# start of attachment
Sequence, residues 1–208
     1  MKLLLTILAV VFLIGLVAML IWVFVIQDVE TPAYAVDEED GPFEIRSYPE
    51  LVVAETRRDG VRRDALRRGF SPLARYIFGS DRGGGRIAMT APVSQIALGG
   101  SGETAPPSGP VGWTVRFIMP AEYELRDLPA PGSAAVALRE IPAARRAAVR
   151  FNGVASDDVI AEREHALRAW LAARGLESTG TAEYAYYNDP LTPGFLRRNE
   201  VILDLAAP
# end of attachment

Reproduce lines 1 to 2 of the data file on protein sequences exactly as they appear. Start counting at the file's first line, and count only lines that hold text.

Sequence, residues 1–208
     1  MKLLLTILAV VFLIGLVAML IWVFVIQDVE TPAYAVDEED GPFEIRSYPE